Disk Drives Connectors

PC use disk drive to store data and programs by connectors on the motherboard. These connectors are called drive interfaces, and there are two main types: floppy drive and hard disk interfaces. Both are onboard. Most motherboards produced today include both the floppy disk and hard disk interfaces on the motherboard.

Floppy Connectors

They connect to floppy disk drives (FDDs). It is a 34 pin ribbon connector that carries data between the motherboard and any floppy drive installed in the PC.

Hard Disk Connectors

Hard disk drives are accessed over one of a number of bus types, including parallel ATA (P-ATA, also called IDE or EIDE), Serial ATA (SATA), SCSI, Serial Attached SCSI (SAS), and Fibre Channel. FireWire/IEEE 1394 and USB(1.0/2.0) HDD are external units containing generally ATA or SCSI disks with ports on the back allowing very simple and effective expansion and mobility.

Parallel ATA (PATA): originally ATA, is an interface standard for the connection of storage devices such as hard disks, solid-state drives, floppy drives, and optical disc drives in computers. ATA interface evolved from several stages of Western Digital’s original Integrated Drive  Electronics (IDE) interface. As a result, many near-synonyms for ATA/ATAPI and its previous incarnations are still in common informal use. After the introduction of Serial ATA in 2003, the original ATA was renamed Parallel ATA. Parallel ATA cables transfers data 16 bits at a time by using  40 or 80 wires ribbon cable and achieving 33, 66, 100 and 133 MB/s with the introduction of 80-wire version and using Ultra DMA (UDMA) mode. Maximum devices that can be attached is four ( two master/slave). They use parallel protocol for data transmission and are not hot pluggable. IDE cables are used in parallel ATA systems are bulkier than SATA cables and can only extend to 40cm long.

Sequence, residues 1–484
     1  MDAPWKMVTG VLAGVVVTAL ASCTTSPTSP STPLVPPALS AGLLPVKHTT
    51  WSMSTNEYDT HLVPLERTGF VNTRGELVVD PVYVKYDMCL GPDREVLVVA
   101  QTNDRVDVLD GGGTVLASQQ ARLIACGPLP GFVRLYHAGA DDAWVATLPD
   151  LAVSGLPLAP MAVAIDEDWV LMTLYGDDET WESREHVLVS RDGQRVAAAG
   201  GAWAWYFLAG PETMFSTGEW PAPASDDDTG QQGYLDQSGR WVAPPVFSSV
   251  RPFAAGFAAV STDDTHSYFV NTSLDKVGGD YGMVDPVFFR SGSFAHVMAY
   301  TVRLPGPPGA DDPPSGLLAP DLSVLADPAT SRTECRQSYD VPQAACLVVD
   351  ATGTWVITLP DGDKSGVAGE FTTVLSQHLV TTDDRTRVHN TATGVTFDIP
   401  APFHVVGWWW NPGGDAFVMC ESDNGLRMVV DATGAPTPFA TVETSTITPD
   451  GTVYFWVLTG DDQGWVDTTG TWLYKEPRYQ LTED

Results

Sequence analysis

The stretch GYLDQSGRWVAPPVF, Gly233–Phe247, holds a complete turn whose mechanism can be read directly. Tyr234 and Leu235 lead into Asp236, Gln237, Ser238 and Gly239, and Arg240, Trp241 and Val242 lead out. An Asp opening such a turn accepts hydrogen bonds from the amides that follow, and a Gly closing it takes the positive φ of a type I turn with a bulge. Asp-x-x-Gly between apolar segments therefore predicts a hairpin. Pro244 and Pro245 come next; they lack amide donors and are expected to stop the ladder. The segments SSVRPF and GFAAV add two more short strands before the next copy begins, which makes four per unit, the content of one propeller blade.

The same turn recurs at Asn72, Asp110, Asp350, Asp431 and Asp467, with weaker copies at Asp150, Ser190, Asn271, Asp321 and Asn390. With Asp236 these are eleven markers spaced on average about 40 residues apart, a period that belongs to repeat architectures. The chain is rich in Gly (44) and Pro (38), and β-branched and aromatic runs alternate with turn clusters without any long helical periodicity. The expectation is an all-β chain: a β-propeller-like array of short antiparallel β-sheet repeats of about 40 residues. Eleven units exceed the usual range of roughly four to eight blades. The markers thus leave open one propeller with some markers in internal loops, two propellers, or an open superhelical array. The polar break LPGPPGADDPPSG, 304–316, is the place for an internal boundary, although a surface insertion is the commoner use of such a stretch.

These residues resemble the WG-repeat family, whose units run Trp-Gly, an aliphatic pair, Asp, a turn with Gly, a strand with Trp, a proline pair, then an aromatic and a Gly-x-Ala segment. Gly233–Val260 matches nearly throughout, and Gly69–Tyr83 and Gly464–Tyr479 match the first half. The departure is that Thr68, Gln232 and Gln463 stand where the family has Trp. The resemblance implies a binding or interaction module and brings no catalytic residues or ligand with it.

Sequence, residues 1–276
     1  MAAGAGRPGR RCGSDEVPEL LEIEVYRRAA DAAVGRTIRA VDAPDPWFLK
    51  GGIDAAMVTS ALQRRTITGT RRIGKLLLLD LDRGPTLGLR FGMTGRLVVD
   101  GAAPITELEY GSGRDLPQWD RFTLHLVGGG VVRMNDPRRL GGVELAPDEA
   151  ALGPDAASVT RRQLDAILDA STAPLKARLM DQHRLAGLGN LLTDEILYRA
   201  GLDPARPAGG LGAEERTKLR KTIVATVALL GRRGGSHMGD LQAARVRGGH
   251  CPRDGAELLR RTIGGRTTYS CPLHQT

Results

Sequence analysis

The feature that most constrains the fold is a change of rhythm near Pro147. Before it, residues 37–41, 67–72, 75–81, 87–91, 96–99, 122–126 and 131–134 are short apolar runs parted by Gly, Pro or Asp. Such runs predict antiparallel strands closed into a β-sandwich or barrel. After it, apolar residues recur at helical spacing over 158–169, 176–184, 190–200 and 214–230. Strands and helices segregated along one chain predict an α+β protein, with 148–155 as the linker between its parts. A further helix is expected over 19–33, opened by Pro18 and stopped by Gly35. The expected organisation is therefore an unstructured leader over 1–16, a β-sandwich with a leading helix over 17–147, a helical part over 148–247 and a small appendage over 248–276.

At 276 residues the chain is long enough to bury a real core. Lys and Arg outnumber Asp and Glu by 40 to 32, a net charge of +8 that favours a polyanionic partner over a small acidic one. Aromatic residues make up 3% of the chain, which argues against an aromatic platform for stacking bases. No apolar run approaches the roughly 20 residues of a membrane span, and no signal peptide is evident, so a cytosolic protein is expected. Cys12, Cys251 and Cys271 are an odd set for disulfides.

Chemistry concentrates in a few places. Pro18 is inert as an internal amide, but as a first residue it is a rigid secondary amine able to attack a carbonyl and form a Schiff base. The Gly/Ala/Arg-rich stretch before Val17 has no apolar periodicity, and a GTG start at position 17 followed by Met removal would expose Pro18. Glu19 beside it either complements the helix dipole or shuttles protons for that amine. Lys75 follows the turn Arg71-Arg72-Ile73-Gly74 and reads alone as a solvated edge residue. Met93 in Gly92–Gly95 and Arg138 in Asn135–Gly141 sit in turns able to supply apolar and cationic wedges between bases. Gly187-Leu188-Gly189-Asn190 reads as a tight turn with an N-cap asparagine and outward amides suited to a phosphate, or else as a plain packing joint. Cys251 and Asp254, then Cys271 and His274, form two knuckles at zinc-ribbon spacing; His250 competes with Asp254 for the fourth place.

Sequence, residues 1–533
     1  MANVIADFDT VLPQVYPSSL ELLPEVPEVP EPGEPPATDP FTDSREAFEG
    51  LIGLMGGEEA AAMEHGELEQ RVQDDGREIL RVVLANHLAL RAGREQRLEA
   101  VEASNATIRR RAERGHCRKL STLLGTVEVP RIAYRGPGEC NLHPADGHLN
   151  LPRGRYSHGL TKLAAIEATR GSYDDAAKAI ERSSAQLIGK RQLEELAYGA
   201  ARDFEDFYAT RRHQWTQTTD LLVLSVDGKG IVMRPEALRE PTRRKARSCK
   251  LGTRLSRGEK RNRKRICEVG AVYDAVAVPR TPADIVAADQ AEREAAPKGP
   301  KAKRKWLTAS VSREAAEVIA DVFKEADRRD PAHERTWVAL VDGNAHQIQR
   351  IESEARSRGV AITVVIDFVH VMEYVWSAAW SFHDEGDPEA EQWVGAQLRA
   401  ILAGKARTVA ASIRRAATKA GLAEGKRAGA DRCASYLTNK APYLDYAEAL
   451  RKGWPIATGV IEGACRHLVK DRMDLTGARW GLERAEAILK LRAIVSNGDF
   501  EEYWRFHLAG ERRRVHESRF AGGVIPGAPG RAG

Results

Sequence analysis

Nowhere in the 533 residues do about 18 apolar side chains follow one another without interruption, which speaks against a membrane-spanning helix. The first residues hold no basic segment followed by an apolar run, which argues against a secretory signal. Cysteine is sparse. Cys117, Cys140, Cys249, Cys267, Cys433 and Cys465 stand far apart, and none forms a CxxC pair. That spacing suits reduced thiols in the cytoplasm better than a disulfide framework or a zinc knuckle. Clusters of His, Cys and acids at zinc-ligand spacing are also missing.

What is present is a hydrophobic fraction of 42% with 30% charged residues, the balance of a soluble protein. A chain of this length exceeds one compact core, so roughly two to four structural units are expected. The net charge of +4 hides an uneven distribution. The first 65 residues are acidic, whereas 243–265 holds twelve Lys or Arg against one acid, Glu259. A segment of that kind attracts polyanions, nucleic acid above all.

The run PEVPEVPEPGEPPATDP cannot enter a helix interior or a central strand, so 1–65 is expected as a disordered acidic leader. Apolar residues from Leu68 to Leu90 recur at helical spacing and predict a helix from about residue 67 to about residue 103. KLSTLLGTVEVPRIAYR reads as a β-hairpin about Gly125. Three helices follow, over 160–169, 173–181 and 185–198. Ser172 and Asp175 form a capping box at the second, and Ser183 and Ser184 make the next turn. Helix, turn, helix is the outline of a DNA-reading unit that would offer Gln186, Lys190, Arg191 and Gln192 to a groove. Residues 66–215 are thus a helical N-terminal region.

Serial ATA (SATA or Serial Advanced Technology Attachment): SATA host-adapters and devices communicate via a high-speed serial cable over two pairs of conductors. It was created in 2003 and offers hot plugging interface with capacity upto 6.0 Gbit/s.  It is a serial link — a single cable with a minimum of four wires creating a point-to-point connection between devices. Transfer rates for Serial ATA begin at 150MBps. Main advantage of SATA is the thinner serial cables facilitate more airflow in PC and can extend up to one meter.

Small Computer System Interface (SCSI)

Many motherboards, especially higher-end boards present in servers, include SCSI built in so that SCSI-attached drives can connect directly to the system board without an external adapter.

A SCSI connector is used to connect together computer parts that use SCSI to communicate with each other. Generally, two connectors, male and female, plug together to form a connection. It often use cables to connect devices together by, a socket on motherboard having one end of a cable plugged into it, while the other end plugged into a drive or other device.

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